Local artist Stephanie Rond has never been one to think small. Anyone who visited her thought-provoking, multi-media exhibit "Dangerous Impermanence" last September at Fort Hayes Shot Tower Gallery knows this all too well.
Local artist Stephanie Rond has never been one to think small. Anyone who visited her thought-provoking, multi-media exhibit “Dangerous Impermanence” last September at Fort Hayes Shot Tower Gallery knows this all too well.
But for her upcoming projects, including participating in this Saturday’s Connector Series at the Columbus Museum of Art, the multi-disciplinary creative has been thinking much bigger — in both physical and metaphysical terms.
Rond has been perfecting the construction of larger pieces, and is gearing up to reveal the fruits of that exploration. The first massive panels will be unveiled out front of the museum during The Connector series with two more projects coming soon. Rond will also display pieces in the Creative Arts of Women (C.A.W.) group show at OSU Urban Arts Space, opening May 26, and during a collaborative endeavor with Bexley students and fellow local artist/teacher Helma Groot, also beginning the end of May.
“I wanted to see if I could work larger. Especially in the street art realm, I’m seeing what’s becoming mural work rather than street work. Although I think [my] messages can be the same size, the work itself has just become larger,” Rond said during an April interview at the studio in her Clintonville home, adding she’d also like to create more permanent, large-scale street art.
“For these pieces that are 13-, 14-feet tall, it’s a matter of piecing the three tiers together and then figuring out where the lines match up — especially with stencil work this is really challenging. But I like the aesthetic of what stencil looks like, so I don’t want to leave that realm. I think a lot of the bigger murals are free-hand, but I still … want it to look a certain way, that camouflage-y [aesthetic]. I feel like when people see my work, they know it’s my work just based on the way I free-hand cut these stencils.”
In the philosophical realm, Rond has also never been one to shy away from meaningful positions, as she’s often addressed gender dynamics, the power of community — especially a creative one — and social and personal issues. Now Rond is contemplating spiritual elements and the connectivity of consciousness.
“My father passed away in October, so I’ve kind of been obsessed with the universe and space, and just connectivity. I started thinking [about our place] in terms of the universe right away, and then just started thinking about the stars. [That led to thinking about] the Hollywood Walk of Fame, and how the Columbus community has so many amazing people and organizations that it would be cool for people to give homage to what we have going on,” Rond said of how she developed the activities for the Connector Series.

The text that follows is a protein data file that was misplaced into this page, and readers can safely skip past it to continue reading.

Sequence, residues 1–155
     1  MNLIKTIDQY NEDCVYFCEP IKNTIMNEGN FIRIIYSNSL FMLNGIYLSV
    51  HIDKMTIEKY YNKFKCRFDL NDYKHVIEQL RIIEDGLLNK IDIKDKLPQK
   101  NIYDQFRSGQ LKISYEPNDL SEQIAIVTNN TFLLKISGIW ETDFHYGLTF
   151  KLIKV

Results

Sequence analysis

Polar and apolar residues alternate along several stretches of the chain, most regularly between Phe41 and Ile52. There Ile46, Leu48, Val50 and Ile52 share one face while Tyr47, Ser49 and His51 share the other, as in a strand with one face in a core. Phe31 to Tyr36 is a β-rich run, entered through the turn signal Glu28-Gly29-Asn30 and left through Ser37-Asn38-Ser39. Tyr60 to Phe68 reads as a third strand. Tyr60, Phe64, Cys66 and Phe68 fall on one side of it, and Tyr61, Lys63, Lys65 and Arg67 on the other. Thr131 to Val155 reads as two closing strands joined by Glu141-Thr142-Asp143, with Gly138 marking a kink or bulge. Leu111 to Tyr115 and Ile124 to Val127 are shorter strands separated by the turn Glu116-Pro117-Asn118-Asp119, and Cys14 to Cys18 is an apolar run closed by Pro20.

For that event, Rond will present the large panels she rendered using her stencil and spray-paint technique, with the goal of connecting Columbus’ imaginative minds by having attendees design their own stars to add to the panels.
“That’s kind of the point of the series. It’s not only to connect with an artist, but [to] validate that you are a creative too. It’s always nice to hear that somebody likes what you’re making. As artists, we starve for that constantly. But to have somebody say, ‘Oh that looks great’ or, ‘You’ve got it,’ or, ‘Tell me about this person whose name you wrote,’ is just [positive],” Rond said. “I imagine my dad’s name will go up there. And there will be different reasons people will be using their stars — and all those reasons are right.”
Rond consistently projects a positive outlook, whether interacting with fellow artists, random strangers who ask her about a street art piece she’s installing, and even in her own artwork. But she’s well aware that optimism and encouragement aren’t always how the world works, and she addresses that, too.
“I think a lot of times my work leans toward comfortable and positive, and then once you spend some time in that comfortable place you can start to unearth the underlying things in it. I don’t think [one of the pieces for the C.A.W. exhibit] is super comfortable. Sometimes when I make things like this, it’s kind of shocking to everyone’s system, but they still get it.”
Even though Rond tries to unearth the positive in any situation, even the most dire, she won’t have to Saturday.
“I think [the Connector Series] is a brilliant idea and it’s great the museum supports local artists in this way. It supports local artists, but also engages the community with the artist,” Rond said. “I remember being an intern there when I was [in high school]. Now I’m going to be in front of the museum?! That’s pretty badass. I’m excited about it.”
Photo by Meghan Ralston